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What you didn't know about Florida's snakes

There are dozens of species of snakes in Florida. But, there is one type very different from the rest, and it's not in a good way.
Credit: Jennifer Rosamond - stock.adobe.
Eastern Diamondback Rattlesnake

TAMPA, Fla. — Florida’s wildlife is unlike any other state. From manatees to alligators, to panthers, black bears, and sharks. And that’s just a few.

However, there’s one group of animals with an interesting story, and they could be living right in your backyard, or, in your washing machine, like this woman’s.

Slithery and scaley, we’re talking about snakes. Florida has plenty of them; 44 to be exact. All of Florida’s species vary in size, color, and diet. Surprisingly, by Florida’s standards, only 6 out of the 44 are venomous.

Of those six, bites from some may not be much of a concern, while others could put you in the hospital.

Luckily though, none of these snakes, venomous or not, want to bite humans. Experts say they usually want to avoid human contact altogether, only biting when they feel threatened or harmed.

However, there is one type of snake in Florida that is very different from the rest, and not in a good way.

One of the largest snakes in the world, she can grow more than 20 feet long, can be as wide as a telephone pole, and she isn’t even from here. She’s the Burmese Python – and she’s invasive.

It’s unclear how exactly the Burmese Python invaded Florida. But in 1992, Hurricane Andrew, one of the most powerful storms on record, hit Miami. With 150 mph winds, strong enough to rip buildings apart, it destroyed a breeding facility for Burmese Pythons.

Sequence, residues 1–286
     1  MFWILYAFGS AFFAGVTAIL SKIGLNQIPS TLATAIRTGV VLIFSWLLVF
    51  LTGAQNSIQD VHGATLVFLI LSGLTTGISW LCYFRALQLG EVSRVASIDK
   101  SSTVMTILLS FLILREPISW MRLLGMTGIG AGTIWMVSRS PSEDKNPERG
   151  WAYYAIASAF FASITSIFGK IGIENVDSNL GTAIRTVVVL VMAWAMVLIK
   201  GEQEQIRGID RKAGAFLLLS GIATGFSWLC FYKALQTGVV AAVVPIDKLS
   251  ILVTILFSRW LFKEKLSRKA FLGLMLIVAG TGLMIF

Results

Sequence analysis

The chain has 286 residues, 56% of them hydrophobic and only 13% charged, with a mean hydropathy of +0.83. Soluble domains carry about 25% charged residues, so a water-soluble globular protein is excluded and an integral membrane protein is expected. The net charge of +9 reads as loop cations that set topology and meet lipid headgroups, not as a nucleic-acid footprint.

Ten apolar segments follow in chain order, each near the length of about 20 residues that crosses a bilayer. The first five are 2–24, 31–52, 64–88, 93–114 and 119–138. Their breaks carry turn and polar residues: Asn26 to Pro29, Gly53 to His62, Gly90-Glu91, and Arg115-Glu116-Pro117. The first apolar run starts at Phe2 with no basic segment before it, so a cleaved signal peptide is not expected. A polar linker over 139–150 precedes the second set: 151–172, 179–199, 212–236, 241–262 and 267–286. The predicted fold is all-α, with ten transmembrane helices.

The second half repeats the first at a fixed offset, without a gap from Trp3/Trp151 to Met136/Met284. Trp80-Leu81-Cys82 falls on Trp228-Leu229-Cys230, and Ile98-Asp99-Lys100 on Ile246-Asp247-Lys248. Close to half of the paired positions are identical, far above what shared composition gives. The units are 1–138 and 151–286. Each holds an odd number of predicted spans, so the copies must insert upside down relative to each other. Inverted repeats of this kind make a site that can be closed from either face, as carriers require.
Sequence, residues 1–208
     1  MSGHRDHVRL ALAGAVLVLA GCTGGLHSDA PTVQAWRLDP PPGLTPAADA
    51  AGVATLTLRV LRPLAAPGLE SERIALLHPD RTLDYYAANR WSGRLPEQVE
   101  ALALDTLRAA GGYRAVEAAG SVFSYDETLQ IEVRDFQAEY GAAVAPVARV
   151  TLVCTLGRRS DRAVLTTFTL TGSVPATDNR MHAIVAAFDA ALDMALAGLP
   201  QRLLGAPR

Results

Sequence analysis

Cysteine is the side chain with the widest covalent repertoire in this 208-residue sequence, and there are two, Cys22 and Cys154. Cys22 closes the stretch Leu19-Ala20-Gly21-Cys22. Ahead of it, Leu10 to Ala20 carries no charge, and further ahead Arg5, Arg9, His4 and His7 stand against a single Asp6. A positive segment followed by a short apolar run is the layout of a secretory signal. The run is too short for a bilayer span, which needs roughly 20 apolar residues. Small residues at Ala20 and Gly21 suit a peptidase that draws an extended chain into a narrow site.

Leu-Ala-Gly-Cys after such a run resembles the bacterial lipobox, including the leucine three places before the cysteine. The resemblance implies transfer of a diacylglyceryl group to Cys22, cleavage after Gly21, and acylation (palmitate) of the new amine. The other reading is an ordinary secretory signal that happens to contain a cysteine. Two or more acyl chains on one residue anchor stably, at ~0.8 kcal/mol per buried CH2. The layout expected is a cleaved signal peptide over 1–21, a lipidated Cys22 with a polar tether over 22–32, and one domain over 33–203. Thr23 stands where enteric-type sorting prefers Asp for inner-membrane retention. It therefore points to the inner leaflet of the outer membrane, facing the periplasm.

As you can guess, many of them escaped, making the Everglades and surrounding areas their new home.

Experts also suspect people keeping pythons as pets, and then later releasing them, could be a contributing factor. Sometimes they’re released because people don’t realize how big they get.

For example, a 20-foot-long Burmese Python can be as tall as, if not taller than some giraffes. Oh, and they can swim and climb trees.

With that size comes a huge appetite. It’s having devastating effects on the ecosystem, specifically in the Everglades.

According to the U.S. Geological Survey, populations of raccoons, opossums, and even bobcats have dropped severely after the introduction of the python. It adds that marsh rabbits, cottontail rabbits, and foxes effectively disappeared. All of these animals have been found in the stomachs of Burmese Pythons.

Florida wants to get rid of these pythons so bad, they’re willing to pay you to do it. Every year, the state hosts its Python Challenge. Those with the largest kill and most kills are walking away with prize money.

So, what should you do if you see a snake, or even worse, get bitten?

Most of Florida’s non-invasive snakes are completely harmless and actually do a lot of good for the environment.

Experts from the Florida Museum say if you find a native snake in your backyard or pool, don’t try to kill it. First, try to identify the snake, but then appreciate it from afar. Snakes can be very helpful by eating unwanted pests like mice, rats, and even insects.

When it comes to a bite, your chances of being bitten are pretty low. The museum says most people get bitten by trying to handle or kill a snake. You could also accidentally step on one, so watch where you’re walking.

But here’s where it gets weird. If you manage to kill a snake, they might come back for you in the afterlife, well kind of. For a short time after death, the snake may still have reflexes. Touch it wrong and you could end up with fangs in your arm.

If you are bitten by a venomous snake, stay calm. The solution is antivenin. That means a trip to the hospital.

In general, almost all snakes in Florida are valuable members of the ecosystem, so if one slithers by, the safest thing to do is let it be.


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